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2 Notwithstanding the shifting of the burden of going forward, the burden of persuasion never shifts from the party who pleads the bar of the statutory period of limitation. Rule 142(a); Stern Bros. & Co. v. Burnet [2 USTC ╤ 783], 51 F.2d 1042 (8th Cir. 1931), affg. [Dec. 5495], 17 B.T.A. 848 (1929); Amesbury Apartments, Ltd. v. Commissioner [Dec. 46,857], 95 T.C. 227, 241 (1990); Adler v. Commissioner [Dec. 42,425], 85 T.C. 535, 540 (1985).

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Respondent may meet her burden by showing that: (1) She and petitioner executed one or more written agreements, valid on their face, extending the period of limitation on assessment, and (2) the notice of deficiency was mailed prior to the end of the extended period. Id. at 540. When respondent cannot produce an original consent that was executed by the parties, and the taxpayer cannot produce his or her copy thereof, respondent may rely on secondary evidence to prove the existence and timeliness of the missing consent. Fed. R. Evid. 1004; United States v. Conry [81-2 USTC ╤ 9618], 631 F.2d 599, 600 (9th Cir. 1980); see also Huffmeyer v. Commissioner [Dec. 43,660(M)], T.C. Memo. 1987-48. In this regard, respondent has represented to the Court that she has witnesses and/or other evidence that are relevant to proving the existence of the missing consent.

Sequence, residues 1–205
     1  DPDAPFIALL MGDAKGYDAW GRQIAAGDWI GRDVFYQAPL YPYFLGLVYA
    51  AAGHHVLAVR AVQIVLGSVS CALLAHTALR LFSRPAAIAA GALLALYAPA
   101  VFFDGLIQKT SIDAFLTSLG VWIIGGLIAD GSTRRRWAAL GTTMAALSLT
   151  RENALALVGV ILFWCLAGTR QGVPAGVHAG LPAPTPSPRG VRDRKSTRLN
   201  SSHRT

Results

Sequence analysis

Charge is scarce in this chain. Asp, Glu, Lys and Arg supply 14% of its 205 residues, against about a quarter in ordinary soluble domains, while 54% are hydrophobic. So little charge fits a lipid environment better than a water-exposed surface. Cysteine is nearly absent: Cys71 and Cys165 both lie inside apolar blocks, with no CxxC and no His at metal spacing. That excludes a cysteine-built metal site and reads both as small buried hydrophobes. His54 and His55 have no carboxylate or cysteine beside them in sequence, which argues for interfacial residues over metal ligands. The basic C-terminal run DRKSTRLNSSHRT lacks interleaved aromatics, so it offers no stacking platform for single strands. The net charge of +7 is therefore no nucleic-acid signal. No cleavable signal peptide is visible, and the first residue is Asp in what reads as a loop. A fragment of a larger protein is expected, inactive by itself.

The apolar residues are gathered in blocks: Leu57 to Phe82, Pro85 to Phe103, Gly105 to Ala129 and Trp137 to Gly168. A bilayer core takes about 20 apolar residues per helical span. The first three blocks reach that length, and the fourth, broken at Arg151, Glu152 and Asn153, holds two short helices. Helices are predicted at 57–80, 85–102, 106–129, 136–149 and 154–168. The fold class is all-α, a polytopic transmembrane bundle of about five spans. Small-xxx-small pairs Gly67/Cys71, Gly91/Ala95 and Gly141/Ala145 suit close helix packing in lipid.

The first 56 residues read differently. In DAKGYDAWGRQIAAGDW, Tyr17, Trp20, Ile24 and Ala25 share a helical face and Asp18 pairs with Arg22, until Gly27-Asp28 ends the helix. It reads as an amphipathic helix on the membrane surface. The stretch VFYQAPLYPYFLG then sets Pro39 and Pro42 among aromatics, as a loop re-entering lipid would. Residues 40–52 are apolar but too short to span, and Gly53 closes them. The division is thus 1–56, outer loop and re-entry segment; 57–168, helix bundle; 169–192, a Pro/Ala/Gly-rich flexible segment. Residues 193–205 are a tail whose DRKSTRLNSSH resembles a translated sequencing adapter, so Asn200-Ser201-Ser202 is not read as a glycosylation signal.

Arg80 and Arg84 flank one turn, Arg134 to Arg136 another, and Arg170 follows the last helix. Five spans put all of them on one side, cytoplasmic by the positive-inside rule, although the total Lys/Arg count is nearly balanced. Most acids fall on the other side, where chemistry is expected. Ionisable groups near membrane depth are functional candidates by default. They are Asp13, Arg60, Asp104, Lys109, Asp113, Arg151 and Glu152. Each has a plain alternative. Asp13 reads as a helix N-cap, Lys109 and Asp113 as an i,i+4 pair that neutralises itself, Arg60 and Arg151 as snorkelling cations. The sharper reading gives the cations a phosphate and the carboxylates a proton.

Accordingly, we hold that petitioner has not proven that there is no genuine issue as to any material fact so that a decision may be rendered as a matter of law.

To reflect the foregoing,

An appropriate order denying petitioner's motion for partial summary judgment will be issued.